In today’s society, lack of sleep due to long working hours and a hectic lifestyle is a common phenomenon. Sleep deprivation also majorly affects the skin, which is most obviously reflected by a tired appearance of the face after a night with low sleep quantity and/or quality. Although young individuals can recover quickly from this, it is important to note that prolonged sleep deprivation acts as a general aging factor like UV-irradiation or oxidative stress, leading to long term negative effects in the skin.
But what happens in our cells when we do not sleep enough? The correct production of proteins is affected. It is important that during their production, proteins need to be correctly folded to perform their intended function. There are helper proteins called chaperones that assist in this folding process. To combat the stress from lack of sleep more chaperones are needed to cope with the stress and aid in regeneration and repair of the cell. However, in aged cells, chaperone production is reduced, and the cell fails to efficiently prevent protein misfolding. In addition, these chaperones require ATP, the cellular energy currency, to function properly. In sleep deprived cells, less ATP is available, and chaperones cannot fulfil their protein-folding function properly. The resulting wrongly folded proteins accumulate, cause more stress and further damage the cell. Therefore, improving the flawless folding of proteins and increasing ATP levels results in a rejuvenated and fresh appearance despite a hectic lifestyle.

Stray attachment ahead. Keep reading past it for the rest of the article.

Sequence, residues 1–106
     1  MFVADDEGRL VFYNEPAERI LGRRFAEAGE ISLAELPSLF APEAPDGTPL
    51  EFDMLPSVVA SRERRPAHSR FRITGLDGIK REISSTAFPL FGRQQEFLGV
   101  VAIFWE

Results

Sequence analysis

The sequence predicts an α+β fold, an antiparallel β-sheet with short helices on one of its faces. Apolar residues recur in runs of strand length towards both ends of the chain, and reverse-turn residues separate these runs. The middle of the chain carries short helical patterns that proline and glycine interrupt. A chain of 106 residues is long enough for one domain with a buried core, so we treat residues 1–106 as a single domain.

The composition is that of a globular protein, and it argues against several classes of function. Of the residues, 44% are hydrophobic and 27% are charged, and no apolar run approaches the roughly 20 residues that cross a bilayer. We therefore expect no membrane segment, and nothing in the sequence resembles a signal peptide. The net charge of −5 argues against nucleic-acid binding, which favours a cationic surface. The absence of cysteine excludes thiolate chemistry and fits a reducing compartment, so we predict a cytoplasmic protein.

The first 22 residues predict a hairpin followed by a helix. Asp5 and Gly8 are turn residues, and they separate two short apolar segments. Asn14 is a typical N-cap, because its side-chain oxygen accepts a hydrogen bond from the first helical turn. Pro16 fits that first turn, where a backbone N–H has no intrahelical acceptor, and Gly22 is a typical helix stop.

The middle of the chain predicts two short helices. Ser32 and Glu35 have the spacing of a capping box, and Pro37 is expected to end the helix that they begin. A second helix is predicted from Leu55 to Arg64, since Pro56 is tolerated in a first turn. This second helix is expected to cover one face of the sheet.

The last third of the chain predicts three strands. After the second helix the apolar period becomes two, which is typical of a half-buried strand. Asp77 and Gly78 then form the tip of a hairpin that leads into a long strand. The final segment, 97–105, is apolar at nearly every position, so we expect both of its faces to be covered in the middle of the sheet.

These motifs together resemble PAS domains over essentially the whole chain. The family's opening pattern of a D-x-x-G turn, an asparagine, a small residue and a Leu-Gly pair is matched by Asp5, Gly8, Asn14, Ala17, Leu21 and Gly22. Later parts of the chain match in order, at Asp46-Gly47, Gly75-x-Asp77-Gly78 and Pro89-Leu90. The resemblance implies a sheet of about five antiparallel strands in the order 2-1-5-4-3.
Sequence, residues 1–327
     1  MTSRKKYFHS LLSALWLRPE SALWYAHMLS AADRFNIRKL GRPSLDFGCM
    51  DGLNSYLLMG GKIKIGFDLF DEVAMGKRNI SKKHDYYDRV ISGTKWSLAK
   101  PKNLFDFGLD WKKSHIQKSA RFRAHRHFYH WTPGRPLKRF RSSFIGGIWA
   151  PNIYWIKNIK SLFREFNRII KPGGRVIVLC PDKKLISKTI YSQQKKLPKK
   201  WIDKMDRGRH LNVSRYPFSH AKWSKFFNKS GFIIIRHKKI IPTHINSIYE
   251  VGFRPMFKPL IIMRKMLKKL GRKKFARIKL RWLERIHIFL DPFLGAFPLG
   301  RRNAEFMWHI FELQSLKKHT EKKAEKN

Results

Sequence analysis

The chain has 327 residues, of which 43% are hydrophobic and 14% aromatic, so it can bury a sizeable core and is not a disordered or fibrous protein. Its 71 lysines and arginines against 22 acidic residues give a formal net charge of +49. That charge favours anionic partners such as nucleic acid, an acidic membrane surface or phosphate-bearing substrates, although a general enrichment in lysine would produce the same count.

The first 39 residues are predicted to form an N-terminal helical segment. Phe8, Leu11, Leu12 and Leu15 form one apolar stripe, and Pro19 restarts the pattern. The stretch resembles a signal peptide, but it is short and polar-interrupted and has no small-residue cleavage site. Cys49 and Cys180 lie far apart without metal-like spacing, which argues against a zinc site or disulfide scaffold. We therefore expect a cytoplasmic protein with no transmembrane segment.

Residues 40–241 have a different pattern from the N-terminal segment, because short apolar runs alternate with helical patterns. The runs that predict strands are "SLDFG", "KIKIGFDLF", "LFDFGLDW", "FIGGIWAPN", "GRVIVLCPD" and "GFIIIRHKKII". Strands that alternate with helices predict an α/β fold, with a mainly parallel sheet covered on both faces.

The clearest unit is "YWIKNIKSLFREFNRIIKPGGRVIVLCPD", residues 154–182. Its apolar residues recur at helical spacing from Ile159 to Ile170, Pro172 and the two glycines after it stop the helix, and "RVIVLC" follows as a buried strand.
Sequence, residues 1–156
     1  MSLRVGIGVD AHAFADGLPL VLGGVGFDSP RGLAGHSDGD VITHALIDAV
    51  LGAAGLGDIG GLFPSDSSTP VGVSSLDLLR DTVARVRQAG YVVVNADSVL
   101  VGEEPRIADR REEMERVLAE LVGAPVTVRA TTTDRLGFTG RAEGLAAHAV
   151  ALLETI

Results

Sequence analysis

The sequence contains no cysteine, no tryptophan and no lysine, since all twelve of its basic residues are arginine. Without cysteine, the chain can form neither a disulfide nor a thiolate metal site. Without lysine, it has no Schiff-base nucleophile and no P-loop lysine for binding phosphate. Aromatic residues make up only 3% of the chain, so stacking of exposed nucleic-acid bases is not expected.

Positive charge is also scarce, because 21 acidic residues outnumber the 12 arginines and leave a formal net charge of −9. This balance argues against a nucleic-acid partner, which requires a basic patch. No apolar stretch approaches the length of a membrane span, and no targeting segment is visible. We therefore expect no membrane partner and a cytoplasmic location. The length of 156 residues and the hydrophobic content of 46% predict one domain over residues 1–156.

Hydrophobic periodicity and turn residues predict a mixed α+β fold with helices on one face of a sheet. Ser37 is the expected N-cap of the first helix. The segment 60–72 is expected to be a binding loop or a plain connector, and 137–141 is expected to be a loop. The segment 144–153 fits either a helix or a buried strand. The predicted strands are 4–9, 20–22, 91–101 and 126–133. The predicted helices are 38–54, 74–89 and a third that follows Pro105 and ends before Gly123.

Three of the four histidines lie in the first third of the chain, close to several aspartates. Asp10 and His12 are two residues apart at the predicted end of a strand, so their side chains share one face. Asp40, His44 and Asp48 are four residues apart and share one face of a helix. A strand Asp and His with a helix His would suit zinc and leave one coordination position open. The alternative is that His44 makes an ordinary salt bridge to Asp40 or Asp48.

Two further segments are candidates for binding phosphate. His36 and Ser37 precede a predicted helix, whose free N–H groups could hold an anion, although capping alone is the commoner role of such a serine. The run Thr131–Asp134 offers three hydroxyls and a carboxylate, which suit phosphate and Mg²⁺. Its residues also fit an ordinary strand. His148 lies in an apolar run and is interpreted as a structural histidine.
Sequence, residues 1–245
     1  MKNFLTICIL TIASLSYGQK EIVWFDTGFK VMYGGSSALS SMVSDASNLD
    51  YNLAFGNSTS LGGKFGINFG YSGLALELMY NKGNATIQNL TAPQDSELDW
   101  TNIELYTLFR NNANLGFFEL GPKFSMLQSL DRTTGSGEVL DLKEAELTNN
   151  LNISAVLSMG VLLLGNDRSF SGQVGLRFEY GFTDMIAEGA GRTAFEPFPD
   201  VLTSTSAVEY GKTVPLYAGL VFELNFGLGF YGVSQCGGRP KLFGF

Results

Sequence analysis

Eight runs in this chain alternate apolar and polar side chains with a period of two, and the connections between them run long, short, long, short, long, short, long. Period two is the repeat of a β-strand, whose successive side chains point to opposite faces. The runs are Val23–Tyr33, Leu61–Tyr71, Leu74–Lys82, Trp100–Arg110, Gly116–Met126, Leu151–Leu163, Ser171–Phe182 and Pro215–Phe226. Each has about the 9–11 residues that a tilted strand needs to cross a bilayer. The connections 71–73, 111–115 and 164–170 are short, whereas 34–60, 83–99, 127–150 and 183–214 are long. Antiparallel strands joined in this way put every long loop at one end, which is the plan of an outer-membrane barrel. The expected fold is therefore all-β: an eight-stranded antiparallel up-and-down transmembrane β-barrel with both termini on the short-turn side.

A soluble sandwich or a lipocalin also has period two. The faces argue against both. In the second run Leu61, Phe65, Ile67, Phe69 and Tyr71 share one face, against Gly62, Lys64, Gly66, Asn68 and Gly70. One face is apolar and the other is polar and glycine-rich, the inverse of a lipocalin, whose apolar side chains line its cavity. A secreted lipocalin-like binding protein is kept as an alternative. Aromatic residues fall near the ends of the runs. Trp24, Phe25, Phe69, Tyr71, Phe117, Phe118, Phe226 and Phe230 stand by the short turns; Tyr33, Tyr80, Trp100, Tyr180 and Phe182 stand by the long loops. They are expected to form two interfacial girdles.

Swiss glacier bacteria reawakened
Extremophile organisms are masters of survival by being able to adapt to conditions generally considered as hostile to life. In order to adapt to these conditions, extremophiles developed various strategies which help them cope with these stresses. To discover and harvest novel extremophile microorganisms for use in cosmetics, an expedition was undertaken to a glacier in Valais, Switzerland. Due to the constant shrinking of glaciers in the past decades, microbes that have previously been hidden below a permanent layer of ice are now accessible. Samples taken from the soil were analyzed for their microbial content. This led to the identification of Iodobacter ssp., a cold tolerant rod-shaped bacterium, which has been reawakened after many years below the glacier ice layer. Large scale cultivation and extraction of the Iodobacter ssp. strain followed by spray-drying the extract on a maltodextrin carrier yields the active ingredient IceAwake.
IceAwake rejuvenates sleep-deprived skin
IceAwake contributes to the improvement of correct protein folding, reduces stress and stimulates energy production in vitro in sleep-deprived cell models. Treatment of aged fibroblasts with Iodobacter ssp. extract increased the expression of several chaperones essential for flawless protein production. Furthermore, a cellular model of sleep deprivation was used to show that Iodobacter ssp. extract reduces cellular stress and increases the production of the energy molecule ATP which is crucial for proper chaperone function. In two placebo-controlled clinical studies with Asian and Caucasian female and male volunteers with a hectic lifestyle and/or visible tiredness, IceAwake rejuvenated their appearance after 14 days by significantly reducing wrinkle depth and increasing radiance for a visibly less tired look.